Thursday, March 17, 2016


After yesterday's blog about St. Patrick's Day I was amused to see numerous posts on Facebook this morning from mothers frustrate about how
much hoopla accompanies the holiday these days. Apparently things have changed even more since my kids were young and they simply wanted to wear green on March 17th. Today they have leprechaun visits and parties and it's taken on the same ridiculous importance as Halloween.

So I was thinking about this and wondering why suddenly these minor "holidays" (that aren't really holidays) have become so major. And I have a theory. When I was young the schools made a big deal about the religious holidays. Christmas, Hanukkah and Easter were celebrated with hand work and music. But it seems that as we've become a more secular society, our schools are not able to get very excited about these holidays. So in order to fill that gap for our kids and have fun celebrations in school, society has taken these minor days and promoted them to major holidays. I think it's sad.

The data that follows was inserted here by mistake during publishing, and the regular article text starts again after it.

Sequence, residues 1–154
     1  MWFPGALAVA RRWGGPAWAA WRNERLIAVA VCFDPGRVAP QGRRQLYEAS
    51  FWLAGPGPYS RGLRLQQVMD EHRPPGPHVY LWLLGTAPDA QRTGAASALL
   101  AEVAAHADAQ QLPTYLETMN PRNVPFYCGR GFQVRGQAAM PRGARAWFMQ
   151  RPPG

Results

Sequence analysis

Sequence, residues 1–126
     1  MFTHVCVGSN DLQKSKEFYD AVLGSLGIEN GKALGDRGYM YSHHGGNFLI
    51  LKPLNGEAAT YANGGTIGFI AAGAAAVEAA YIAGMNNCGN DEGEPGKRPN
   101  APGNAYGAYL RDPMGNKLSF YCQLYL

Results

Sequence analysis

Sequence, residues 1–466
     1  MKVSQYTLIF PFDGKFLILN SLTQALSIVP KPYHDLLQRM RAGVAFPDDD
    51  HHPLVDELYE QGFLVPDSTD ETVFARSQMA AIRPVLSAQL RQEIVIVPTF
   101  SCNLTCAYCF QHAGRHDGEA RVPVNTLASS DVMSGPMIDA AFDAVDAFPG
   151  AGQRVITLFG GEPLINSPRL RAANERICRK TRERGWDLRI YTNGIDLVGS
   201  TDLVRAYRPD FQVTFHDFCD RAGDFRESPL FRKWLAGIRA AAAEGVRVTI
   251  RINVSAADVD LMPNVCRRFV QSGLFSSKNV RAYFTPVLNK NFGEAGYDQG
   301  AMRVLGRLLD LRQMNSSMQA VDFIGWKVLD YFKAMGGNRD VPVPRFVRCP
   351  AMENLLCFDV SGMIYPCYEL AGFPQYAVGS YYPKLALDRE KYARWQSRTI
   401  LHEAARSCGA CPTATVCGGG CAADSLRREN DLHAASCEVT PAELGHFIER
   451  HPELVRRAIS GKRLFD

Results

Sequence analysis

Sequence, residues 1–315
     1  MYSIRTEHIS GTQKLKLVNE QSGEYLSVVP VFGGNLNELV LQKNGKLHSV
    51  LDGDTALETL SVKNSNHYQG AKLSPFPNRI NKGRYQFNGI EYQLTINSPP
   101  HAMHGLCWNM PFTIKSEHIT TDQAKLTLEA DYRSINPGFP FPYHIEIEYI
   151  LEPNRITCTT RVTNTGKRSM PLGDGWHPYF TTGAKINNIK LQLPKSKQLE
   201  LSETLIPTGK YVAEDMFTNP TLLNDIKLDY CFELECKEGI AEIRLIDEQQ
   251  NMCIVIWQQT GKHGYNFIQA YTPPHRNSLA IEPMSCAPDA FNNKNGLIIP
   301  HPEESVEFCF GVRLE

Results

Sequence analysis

If St. Patrick's Day has the same weight as Christmas, we've definitely lost something. I mean, not everyone is Irish and yet all the kids are expected to get excited about March 17th. What's the difference?

It's all lost on me. I have no problem with the idea of a child learning about the religious holidays of other religions and ethnic groups. I think we had it in much better perspective a few years ago. Well maybe fifty...

1 comment:

Ben Reichart said...

Maybe a return to our " foundation " is in order, not a popular sentiment at this time. Was a time in America we did celebrate occasions for that holidays' worth not necessarily the mirth ! Take Christmas, it was celebrated for the great gift that we received from our God, now it is about the sales ! Sad indeed